Baby Shaking iPhone Game Sparks Controversy

April 23, 2009 -

An iPhone/iPod Touch game in which the player attempts to stop a baby from crying by violently shaking the motion-sensitive handheld device is understandably causing a stir.

Although iTunes has apparently removed Baby Shaker from its AppStore offerings, the controversy over the game lingers.

Cnet reports that Baby Shaker drew criticism from, among others, Jennipher Dickens, whose son Christopher was injured after being shaken by his father. Dickens, the founder of the nonprofit group Stop Shaken Baby Syndrome, commented on the iPhone app:

As a mother of a child who was violently shaken at 7 weeks old, causing a severe brain injury, and the founder of a national organization for Shaken Baby Syndrome prevention... I don't have to tell you how much this horrifies me!

But Saul Hansell, writing for the New York Times's Bits blog, has criticized Apple for pulling the game:

I’m troubled by the way Apple caved into pressure here. Of course this application is deeply offensive, with no redeeming value except to people who like to play gross games or have twisted senses of humor.

But as I wrote in February, the App Store is coming to resemble a bookstore. The applications available there can have political, social or literary content. And we know that one person’s manifesto is another’s heresy, and that your masterpiece may well be trash to me.

Meanwhile, The Consumerist reports that Baby Shaker was pulled from iTunes, made available and pulled again.


Comments

Re: Baby Shaking iPhone Game Sparks Controversy

The game is totally in poor taste.  However, pulling a game/book/movie because someone is offended is even worse. 

People who are offended offend me.

Re: Baby Shaking iPhone Game Sparks Controversy

 I guess they should be pulled from the human race then.

Re: Baby Shaking iPhone Game Sparks Controversy

Why would someone pay $0.99 for something that's only purpose is to annoy the hell out you?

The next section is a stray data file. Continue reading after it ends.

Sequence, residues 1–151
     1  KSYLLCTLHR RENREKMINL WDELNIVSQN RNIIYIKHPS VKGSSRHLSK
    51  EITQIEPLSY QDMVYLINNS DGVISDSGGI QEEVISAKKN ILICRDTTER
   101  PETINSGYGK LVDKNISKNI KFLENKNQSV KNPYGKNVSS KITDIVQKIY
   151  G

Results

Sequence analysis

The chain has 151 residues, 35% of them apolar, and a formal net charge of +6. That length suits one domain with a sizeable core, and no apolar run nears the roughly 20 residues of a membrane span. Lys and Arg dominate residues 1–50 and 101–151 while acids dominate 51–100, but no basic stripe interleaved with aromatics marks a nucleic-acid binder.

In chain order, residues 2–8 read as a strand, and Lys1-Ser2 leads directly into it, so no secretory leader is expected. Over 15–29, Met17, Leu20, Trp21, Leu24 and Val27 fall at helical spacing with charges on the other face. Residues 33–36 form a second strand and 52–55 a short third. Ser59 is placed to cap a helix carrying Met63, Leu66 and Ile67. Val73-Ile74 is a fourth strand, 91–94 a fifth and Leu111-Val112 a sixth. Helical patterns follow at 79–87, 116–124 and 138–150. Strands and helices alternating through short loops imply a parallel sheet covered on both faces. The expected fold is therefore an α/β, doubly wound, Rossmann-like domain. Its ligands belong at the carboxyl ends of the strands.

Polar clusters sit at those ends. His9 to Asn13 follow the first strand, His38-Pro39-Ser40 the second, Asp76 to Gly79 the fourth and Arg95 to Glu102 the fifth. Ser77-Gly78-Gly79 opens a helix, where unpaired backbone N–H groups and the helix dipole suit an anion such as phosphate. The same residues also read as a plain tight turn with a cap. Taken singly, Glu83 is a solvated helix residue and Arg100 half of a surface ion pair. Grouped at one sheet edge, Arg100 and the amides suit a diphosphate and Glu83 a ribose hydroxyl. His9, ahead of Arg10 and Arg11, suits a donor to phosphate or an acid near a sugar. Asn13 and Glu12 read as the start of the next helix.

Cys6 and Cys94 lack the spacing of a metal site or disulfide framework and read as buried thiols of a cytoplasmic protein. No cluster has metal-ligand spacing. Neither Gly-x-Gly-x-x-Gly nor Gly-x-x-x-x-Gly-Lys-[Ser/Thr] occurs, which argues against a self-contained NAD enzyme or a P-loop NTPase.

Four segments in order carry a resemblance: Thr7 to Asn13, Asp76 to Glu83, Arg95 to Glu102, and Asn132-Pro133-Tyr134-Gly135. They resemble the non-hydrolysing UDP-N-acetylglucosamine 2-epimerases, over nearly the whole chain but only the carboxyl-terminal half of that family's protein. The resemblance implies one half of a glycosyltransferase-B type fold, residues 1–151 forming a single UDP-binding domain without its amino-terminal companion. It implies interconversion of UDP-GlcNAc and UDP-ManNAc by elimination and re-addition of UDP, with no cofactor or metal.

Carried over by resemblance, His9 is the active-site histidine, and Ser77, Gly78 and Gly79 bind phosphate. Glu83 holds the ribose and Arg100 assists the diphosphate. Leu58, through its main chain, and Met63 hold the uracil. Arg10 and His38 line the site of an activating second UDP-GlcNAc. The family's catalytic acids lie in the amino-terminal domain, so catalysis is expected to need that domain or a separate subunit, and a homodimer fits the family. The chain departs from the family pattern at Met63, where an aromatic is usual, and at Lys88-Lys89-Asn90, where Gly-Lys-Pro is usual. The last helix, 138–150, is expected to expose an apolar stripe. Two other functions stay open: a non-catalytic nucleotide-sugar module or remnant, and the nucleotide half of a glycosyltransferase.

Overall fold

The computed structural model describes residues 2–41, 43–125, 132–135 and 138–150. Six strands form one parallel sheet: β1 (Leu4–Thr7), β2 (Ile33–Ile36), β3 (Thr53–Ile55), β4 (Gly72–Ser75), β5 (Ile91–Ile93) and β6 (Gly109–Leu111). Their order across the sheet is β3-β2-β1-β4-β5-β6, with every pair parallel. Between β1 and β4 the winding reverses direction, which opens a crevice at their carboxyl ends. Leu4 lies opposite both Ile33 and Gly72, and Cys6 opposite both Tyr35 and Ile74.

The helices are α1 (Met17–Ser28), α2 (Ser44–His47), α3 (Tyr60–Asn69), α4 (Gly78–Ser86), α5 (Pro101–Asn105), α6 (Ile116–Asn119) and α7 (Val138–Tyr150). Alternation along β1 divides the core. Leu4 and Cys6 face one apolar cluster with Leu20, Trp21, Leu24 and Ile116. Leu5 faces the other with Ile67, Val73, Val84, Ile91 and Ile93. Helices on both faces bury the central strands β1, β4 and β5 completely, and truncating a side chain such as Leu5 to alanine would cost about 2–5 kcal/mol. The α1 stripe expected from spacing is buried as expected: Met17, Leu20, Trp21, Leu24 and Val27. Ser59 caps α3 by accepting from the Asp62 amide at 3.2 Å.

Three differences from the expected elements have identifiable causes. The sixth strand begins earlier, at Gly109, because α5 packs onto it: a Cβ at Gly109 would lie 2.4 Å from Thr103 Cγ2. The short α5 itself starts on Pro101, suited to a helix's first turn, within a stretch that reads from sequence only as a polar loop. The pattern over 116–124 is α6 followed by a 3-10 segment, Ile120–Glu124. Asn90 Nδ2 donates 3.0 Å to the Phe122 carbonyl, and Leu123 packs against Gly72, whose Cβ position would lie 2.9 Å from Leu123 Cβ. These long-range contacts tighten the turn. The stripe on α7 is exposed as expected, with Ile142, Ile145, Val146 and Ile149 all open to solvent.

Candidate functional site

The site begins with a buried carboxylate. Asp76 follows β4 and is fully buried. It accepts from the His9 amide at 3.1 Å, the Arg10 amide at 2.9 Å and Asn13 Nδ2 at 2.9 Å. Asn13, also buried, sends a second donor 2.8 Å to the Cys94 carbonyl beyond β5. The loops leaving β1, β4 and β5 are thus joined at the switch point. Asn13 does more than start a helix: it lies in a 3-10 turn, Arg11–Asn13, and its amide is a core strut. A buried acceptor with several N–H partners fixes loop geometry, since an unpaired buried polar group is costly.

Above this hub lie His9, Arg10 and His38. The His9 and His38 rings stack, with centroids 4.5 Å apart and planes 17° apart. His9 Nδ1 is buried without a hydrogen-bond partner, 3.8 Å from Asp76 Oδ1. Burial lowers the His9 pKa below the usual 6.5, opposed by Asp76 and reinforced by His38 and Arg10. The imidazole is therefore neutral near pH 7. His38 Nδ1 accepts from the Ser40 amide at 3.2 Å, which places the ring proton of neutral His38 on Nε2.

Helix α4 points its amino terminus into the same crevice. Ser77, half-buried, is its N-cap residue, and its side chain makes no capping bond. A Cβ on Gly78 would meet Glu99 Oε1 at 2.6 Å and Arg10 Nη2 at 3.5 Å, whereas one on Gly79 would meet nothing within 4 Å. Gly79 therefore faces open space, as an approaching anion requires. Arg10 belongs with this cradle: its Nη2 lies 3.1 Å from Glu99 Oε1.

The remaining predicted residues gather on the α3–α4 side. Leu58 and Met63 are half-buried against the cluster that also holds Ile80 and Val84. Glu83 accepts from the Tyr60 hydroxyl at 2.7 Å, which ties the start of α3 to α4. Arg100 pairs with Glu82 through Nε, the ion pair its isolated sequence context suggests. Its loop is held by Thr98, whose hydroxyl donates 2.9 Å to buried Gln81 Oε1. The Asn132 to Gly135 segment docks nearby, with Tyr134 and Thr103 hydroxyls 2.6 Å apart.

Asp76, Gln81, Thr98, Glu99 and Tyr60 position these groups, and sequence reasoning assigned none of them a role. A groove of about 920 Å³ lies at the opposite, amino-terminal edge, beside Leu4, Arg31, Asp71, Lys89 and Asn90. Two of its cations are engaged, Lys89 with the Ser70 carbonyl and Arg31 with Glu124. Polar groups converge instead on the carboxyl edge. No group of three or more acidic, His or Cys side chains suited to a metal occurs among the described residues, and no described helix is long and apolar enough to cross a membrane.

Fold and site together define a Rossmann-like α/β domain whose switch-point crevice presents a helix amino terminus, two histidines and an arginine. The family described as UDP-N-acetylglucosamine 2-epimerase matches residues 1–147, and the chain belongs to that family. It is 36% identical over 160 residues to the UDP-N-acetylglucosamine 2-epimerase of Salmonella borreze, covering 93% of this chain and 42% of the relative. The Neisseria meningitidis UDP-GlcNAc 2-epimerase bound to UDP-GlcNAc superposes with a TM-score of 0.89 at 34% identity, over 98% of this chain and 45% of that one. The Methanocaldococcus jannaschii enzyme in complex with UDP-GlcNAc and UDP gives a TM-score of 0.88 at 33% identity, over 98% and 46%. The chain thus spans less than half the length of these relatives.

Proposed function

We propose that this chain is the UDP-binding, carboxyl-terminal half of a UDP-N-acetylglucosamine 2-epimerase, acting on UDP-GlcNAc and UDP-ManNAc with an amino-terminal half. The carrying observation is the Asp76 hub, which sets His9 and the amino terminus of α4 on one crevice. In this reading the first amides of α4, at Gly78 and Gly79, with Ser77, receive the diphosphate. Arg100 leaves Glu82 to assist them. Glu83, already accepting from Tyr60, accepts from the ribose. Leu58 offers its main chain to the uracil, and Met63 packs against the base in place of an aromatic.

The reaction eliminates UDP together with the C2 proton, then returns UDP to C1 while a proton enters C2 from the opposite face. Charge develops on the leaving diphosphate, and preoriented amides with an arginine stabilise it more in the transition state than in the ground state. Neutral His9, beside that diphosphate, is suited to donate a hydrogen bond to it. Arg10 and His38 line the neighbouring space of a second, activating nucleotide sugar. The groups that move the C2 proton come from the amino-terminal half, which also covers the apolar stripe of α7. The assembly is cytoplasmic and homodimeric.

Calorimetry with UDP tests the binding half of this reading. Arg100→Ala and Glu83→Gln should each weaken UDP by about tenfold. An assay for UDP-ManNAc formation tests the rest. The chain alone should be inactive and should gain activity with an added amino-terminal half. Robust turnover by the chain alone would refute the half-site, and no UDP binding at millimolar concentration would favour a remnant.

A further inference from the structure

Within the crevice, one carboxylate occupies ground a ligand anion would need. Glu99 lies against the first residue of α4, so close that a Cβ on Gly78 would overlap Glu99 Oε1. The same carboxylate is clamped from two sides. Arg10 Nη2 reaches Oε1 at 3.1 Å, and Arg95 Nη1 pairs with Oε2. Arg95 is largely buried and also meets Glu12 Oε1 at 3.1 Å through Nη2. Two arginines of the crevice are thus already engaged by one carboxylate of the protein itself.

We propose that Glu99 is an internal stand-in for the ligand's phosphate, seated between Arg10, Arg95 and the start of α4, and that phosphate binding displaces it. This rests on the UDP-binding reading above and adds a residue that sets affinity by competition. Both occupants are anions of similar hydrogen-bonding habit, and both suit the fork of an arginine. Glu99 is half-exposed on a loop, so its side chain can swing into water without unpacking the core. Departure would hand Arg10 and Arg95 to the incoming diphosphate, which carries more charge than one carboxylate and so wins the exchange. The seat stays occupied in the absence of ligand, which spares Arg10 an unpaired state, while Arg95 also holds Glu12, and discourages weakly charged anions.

I wouldn't even download that for a credit on my account.

"I'd far rather be happy than right any day."
 
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DocMelonheadDid IP post something that isn't related to White Supremecy?05/29/2015 - 7:13am
IronPatriotBut hey, you're welcome.05/29/2015 - 5:23am
Andrew EisenEZK did say he didn't find any info on the appeals process. And if all he did was look at the ratings process part of the ESRB's website, he wouldn't have. That's where I would have looked too. But hey, thanks for being thorough and finding the info.05/29/2015 - 5:01am
Andrew EisenDude, again. I am NOT saying there is no appeals process. THERE OBVIOUSLY IS. All I am saying is that the appeals process is not described in the ratings process part of the ESRB's website.05/29/2015 - 4:59am
IronPatriotI googled appeal esrb.org and it is the first and third hits. Second is esrb talking about appeals for web publishers. Gamefaqs is fourth.05/29/2015 - 4:01am
IronPatriotZachary said he did not find any information about a formal appeals process. I did a simple search and found two places on the esrb site with the info. Just sayin.05/29/2015 - 3:57am
IronPatriotOn Google I get "1 Written Testimony of Patricia E. Vance President ... - ESRB" http://www.esrb.org/about/news/downloads/pvtestimony_6_14_06.pdf05/29/2015 - 3:55am
Andrew EisenNow, that post on GameFAQs was made four years ago. It appears the ESRB has since moved the appeals process stuff behind the publisher login on its website.05/29/2015 - 3:32am
Andrew EisenOh, third link on the Google search. Okay. That leads to a GameFAQs message board which quotes a section of the ESRB website that includes a description of the appeals process. But when you follow the link, that quote doesn't exist.05/29/2015 - 3:30am
Andrew EisenThird link down from what? Look, I'm not arguing the existance of an appeals process. There obviously is one. I was merely noting that it's odd that it isn't described on the website's ratings process section but it is on the mobile site.05/29/2015 - 3:25am
IronPatriotOK, so use the third link down, which describes the appeals process and is not on the mobile site"Publishers also have the ability to appeal an ESRB rating assignment to an Appeals Board, which is made up of publishers, retailers and other professionals."05/29/2015 - 2:47am
Andrew EisenRight, which links to the ESRB's mobile site. On the website (again, unless I'm overlooking it) the appeals process is locked behind the publisher login.05/29/2015 - 2:37am
IronPatriotHuh? Google "appeals esrb". It is the first link. Click it. No login requested.05/29/2015 - 2:31am
Andrew EisenInteresting. It's on the mobile site but unless I'm overlooking it, I don't see it under the Ratings Process on the web site. It is under the publishers section but you can't access it without a login.05/29/2015 - 2:13am
IronPatriot"Publishers also have the ability to appeal an ESRB rating assignment to an Appeals Board made up of publishers, retailers and other professionals. " Esrb05/29/2015 - 2:01am
IronPatriotZachary, did you look on the esrb site? The esrb appeals process pops up when you search "esrb appeals" http://m.esrb.org/faq_09.php05/29/2015 - 2:00am
Andrew EisenThe humor reminds me a lot of Axe Cop.05/29/2015 - 1:37am
WymorenceOh sweet god, Kung Fury is freaking awesome...05/28/2015 - 10:03pm
E. Zachary KnightWonder, I know you can revise content and resubmit it, but I can't findany information about a formal appeals process.05/28/2015 - 7:27pm
Wonderkarpever wonder if there's an appeals process for AO?05/28/2015 - 6:55pm
 

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